Friday, November 11, 2011

Sole Man

In the now-classic (and outdated) book about the aviation, the Sporty Game, the concept of the "Learning Curve" is addressed.  In manufacturing airplanes, the first airplanes off the line are always the most expensive to produce, since the assembly processes are still being refined and the mechanics are performing their tasks for the first time.  As more and more airplanes are produced, you come down on the Learning Curve and the cost and build time of each airplane is reduced...dramatically at first and finally more gradually until (all else being it equal) is asymptotes.

There are Learning Curves in boatbuilding too.  In the case of PocketShip, there is the manual and several excellent blogs that detail the construction of the design.  As a result of reading these, I am farther down the Learning Curve than those who have gone before me.  I am able to steal ideas from other builders to make my boat better or more easily, and am able to (attempt to, at least) avoid some of the trouble earlier builders have had.  Having built other boats also helps bring you down the Learning Curve, as there are several techniques that I picked up on my Pygmy and Redfish kayaks that I've applied to PocketShip.  Of course, there are plenty of things that you don't learn until you do them, plenty of head-scratching and opportunities for making mistakes.

Take laying the cabin sole, for example.  Dave Curtis' blog mentioned that he used the old deck building trick of using a nail as a spacer to keep the correct gap between the planks when cutting his cabin sole.  I probably would have ended up doing this even if he hadn't written about it, but as it was I didn't have to spend any time at all thinking about how to get the right gap between the planks because Dave's work moved me down the Learning Curve.

To keep the proper spacing between planks, I used the standard "nail spacer" trick used by deckers and PocketShip builders alike.

The first few inboardmost planks were fairly easy...just cut to length.  Even so, it probably took more than an hour each for the first four planks, just because I was working out the procedures to install each board.   This got faster as I learned to start from the middle of the plank and work out towards the ends.  To keep the the screw spacing consistent, I made a small guide just the width of my planks with two holes drilled in it.  All I had to do was line this guy up, run my drill down through the holes and, viola, consistently spaced holes!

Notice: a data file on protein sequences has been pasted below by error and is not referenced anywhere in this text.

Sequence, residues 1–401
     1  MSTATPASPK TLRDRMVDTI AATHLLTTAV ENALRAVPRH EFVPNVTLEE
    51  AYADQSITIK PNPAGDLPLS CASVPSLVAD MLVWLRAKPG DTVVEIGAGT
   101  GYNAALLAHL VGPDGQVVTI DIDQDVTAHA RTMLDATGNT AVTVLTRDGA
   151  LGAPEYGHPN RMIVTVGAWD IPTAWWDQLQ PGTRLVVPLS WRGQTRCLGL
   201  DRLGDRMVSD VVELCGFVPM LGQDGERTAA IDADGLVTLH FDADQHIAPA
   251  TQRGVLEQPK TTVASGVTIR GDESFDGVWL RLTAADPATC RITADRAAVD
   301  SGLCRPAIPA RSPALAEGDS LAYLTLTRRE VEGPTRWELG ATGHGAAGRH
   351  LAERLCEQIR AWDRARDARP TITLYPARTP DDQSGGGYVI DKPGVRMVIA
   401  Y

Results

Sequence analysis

Getting started laying the sole.

In order to keep the screw spacing the same, I made this handy little jig.

The first four planks on either side were easy.

After the first four planks thing got tough. Both ends of each plank needed to be cut in both planform and profile to meet up with the hull just right. Figuring out how to mark and make this compound cut was extremely challenging time consuming and it really didn't feel like I was moving down the Learning Curve until I was about halfway through. My general approach was to use a short offcut from a previous plank, mark and cut in in planform and then bevel the edge the right angle so that it would firmly contact the hull. Once I got this right (it was a sometimes iterative process), I marked and cut the real board, using my scrap piece as a guide. I guess I went the measure once, cut twice route.  Initially, it would take me about two hours to get a plank in, though as I came down the Learning Curve, this time would eventually be cut in half.

This is all easier said than done, though.  First of all, figuring out the correct angle at which to cut the plank wasn't all that easy.  The manual wasn't much help and neither were most of the blogs out there.  Sean's blog mentioned touched on it, but I was unable to translate his writing into practice.  So I experimented.  Angle meters, projecting lines, mathematics...ack!  I didn't use the same method twice until the final three or four planks, and by then the method that I settled on was to more-or-less eyeball it and use intuition.  The lack of engineering rigour in this approach bugs me a little, but, hey, it worked.  Cutting was much easier, after one attempt with the miter saw, I switches to the circular saw and never looked back.